Back to the drawing board
And then there’s the fear of failure: this can have such a negative hold on creativity. Those creative talents (and we all have them) will flourish if you are able to be receptive to admitting something hasn’t worked out as you expected first time – and then changing it.
Don’t go “oh that’s awful!” and abandon it. Say instead “mmmmmm, okay, that doesn’t work, let’s try something else.”

For me the chest of drawers didn’t come with an easy solution, so it was all about being a bit lyrical, a bit ‘mindful’. That also means sometimes I have to leave it, walk away and come back again. There was no obvious decorative finish: instead it felt like it was just sitting there saying “c’mon then.”

From wash to white stripes to watercolour 
When I came back to it, I noticed it actually had quite a nice texture, the wood itself on the top was old varnish that had crackled a little bit. I thought it would be quite nice to keep some of that crackling and texture, so I decided to try wash drawing – spreading with a brush over the broad surface evenly enough so that no brush marks would be visible in the finish.

But when I looked at the finish it just didn't work for me. Then I had a bit of a brainwave: “Stripes” I thought.

I added a lot of water to the tabletop so it became very wet (there was paint in the water which made it thin).

Using my paint, Chalk Paint® in Country Grey, I painted opaque stripes across the top with the full width of the brush. It started to blend in a little so I took a dry cloth and just gently wiped the paint down.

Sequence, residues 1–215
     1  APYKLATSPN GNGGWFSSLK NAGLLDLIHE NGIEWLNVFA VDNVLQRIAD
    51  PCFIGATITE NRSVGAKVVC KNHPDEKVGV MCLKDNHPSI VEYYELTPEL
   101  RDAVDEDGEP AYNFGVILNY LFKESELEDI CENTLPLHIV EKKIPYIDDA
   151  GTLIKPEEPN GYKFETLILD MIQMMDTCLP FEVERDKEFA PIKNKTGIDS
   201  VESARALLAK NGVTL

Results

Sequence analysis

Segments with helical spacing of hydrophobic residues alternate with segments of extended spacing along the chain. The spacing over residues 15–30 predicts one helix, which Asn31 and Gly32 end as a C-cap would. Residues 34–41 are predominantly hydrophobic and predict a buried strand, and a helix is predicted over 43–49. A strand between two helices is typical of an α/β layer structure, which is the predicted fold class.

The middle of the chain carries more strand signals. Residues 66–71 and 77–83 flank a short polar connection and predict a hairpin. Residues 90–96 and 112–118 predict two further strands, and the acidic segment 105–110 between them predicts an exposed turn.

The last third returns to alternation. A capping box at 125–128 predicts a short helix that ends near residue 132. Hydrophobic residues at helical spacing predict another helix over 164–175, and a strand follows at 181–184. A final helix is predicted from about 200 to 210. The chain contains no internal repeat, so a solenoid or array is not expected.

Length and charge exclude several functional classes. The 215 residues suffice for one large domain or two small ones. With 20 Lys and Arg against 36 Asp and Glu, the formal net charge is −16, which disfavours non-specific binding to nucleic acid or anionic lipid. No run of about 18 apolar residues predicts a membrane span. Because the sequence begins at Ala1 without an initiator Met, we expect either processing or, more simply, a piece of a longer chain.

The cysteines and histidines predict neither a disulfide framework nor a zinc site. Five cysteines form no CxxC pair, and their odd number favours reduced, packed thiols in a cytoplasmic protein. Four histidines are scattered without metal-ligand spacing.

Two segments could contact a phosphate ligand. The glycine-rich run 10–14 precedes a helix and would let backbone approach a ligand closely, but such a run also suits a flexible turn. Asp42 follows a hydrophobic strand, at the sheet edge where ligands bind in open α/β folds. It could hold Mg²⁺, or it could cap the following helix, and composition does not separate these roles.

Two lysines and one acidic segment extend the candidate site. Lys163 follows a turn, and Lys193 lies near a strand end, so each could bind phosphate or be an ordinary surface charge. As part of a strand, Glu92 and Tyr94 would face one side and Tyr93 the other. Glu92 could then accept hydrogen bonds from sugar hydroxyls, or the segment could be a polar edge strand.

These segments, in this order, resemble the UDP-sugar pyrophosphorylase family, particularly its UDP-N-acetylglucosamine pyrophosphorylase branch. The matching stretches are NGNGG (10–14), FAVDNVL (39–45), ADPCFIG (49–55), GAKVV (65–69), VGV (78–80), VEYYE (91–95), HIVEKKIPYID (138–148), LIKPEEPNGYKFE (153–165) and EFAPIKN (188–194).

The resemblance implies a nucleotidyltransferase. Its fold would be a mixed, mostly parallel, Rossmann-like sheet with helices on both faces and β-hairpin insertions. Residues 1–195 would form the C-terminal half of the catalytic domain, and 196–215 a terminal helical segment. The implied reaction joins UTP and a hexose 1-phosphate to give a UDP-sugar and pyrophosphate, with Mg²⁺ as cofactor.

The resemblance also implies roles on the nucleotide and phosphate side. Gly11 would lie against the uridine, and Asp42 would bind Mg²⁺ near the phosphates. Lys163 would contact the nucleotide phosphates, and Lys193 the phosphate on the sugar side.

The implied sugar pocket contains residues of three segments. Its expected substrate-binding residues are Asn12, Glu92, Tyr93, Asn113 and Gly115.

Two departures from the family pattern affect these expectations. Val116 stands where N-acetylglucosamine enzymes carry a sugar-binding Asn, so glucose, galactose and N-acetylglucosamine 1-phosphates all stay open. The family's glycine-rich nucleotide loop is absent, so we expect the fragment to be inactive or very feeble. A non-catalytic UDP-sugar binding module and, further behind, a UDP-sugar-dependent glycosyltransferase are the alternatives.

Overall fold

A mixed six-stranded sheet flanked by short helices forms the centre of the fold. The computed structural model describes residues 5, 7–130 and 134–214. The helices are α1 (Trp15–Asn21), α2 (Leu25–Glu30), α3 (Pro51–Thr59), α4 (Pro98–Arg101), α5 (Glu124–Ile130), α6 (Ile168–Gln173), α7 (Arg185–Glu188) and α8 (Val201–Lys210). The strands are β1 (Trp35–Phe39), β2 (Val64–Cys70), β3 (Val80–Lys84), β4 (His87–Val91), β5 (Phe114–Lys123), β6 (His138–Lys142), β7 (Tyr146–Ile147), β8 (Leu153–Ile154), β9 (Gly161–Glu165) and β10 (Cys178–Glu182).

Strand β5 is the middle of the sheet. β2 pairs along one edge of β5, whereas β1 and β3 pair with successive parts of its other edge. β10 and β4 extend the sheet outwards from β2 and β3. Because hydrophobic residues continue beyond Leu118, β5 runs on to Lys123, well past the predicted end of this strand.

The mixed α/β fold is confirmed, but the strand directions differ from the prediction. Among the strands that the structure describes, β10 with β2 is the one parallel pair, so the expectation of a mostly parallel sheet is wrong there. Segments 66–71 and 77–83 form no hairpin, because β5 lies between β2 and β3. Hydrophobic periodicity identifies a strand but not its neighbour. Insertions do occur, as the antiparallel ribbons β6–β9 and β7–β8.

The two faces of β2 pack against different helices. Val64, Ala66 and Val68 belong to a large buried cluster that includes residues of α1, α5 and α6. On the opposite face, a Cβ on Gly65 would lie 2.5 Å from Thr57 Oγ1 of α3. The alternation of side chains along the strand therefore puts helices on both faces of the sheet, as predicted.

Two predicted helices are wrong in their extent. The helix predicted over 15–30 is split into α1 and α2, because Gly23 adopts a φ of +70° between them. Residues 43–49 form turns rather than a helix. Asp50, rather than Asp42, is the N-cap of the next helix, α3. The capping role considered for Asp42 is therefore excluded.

So I have opaque-ish stripes, and thin, very water-coloury stripes. Then I thought “I know, I need a white line of opaque paint”. So I had three layers of stripes: grey, blue and white.

I added some Old White with a smaller thin brush as solid paint. I then sanded the chest of drawers to give texture, followed by a wax finish.

So to recap:
1.     Wash all over (use a fine diluted layer of colour on the surface you are going to work on)
2.     Paint translucent lines across the surface
3.     Paint thicker, watercoloury, wettish stripes that blur into each other
4.     Wipe it down with a cloth
5.     Add strong opaque stripes as desired
6.     Sand to give a texture
7.     Wax

I love the way watercolour works – it can be applied in various techniques such as wet-on-wet and wet-on-dry to obtain different effects. And you get thick and thin together. Working with wet paint also means the colours blur together a little bit creating new and interesting effects. Try it!

(By the way, I did also try the stripey look over the rest of the piece, but it just looked ridiculous and in the end I plumped for one colour – Chalk Paint® in Duck Egg Blue.)

The resulting painterly effect reminds me of something you might find in Charleston House in East Sussex.

Painterly? You ask. I’ve seen comments on my Facebook saying “is that even a word?” Well, yes, actually it is and it’s a word that painters and artists use a lot (and it appears to date back to c.1580s). To me it means ‘as an artist would paint’, and Merriam-Webster adds: “marked by an openness of form … and in which sharp outlines are lacking”.

It also felt painterly because the painting of the sea, which I found in a bric-a-brac shop, complemented the effect.

I also think it looks like a woven rug – with the textured paint strokes blurring into each other – and overall I am really thrilled with the finish.

Yours, Annie

4 April 2014

Sgraffito – starting from scratch

Here’s a drawing technique I’ve recently used on a table top which I simply love and have done ever since I started delving into decorative techniques!

A little known fact is that my “Annie Sloan” signature logo was also created using this 

So have you guessed what the technique is? Yes, it’s sgraffito and it actually dates back to the Middle Ages, and quite simply translates from Italian as ‘scratched’ or ‘scratch work’. It can be applied in painting, pottery, and glass.

The yummyness of it
Essentially, if you are a painter, then at some point or other you are going to put paint on and then turn your brush round and scratch out some of the paint with the handle tip or similar. So effectively you are drawing into the paint by taking it off. I’ve always liked the texture and the yummyness of it.